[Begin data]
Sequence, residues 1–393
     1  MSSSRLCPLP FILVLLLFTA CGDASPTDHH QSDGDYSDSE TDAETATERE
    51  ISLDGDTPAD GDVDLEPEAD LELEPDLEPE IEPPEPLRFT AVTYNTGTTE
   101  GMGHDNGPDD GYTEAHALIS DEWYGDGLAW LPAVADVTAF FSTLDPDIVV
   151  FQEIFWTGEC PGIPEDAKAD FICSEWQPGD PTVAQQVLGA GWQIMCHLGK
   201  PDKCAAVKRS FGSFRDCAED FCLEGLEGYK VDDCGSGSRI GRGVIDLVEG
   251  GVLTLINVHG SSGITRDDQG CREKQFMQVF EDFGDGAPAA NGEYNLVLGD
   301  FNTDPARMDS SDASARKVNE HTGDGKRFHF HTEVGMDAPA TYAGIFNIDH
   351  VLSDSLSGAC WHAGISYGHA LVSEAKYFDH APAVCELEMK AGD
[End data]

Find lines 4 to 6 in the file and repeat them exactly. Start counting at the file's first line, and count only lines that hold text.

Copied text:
   101  GMGHDNGPDD GYTEAHALIS DEWYGDGLAW LPAVADVTAF FSTLDPDIVV
   151  FQEIFWTGEC PGIPEDAKAD FICSEWQPGD PTVAQQVLGA GWQIMCHLGK
   201  PDKCAAVKRS FGSFRDCAED FCLEGLEGYK VDDCGSGSRI GRGVIDLVEG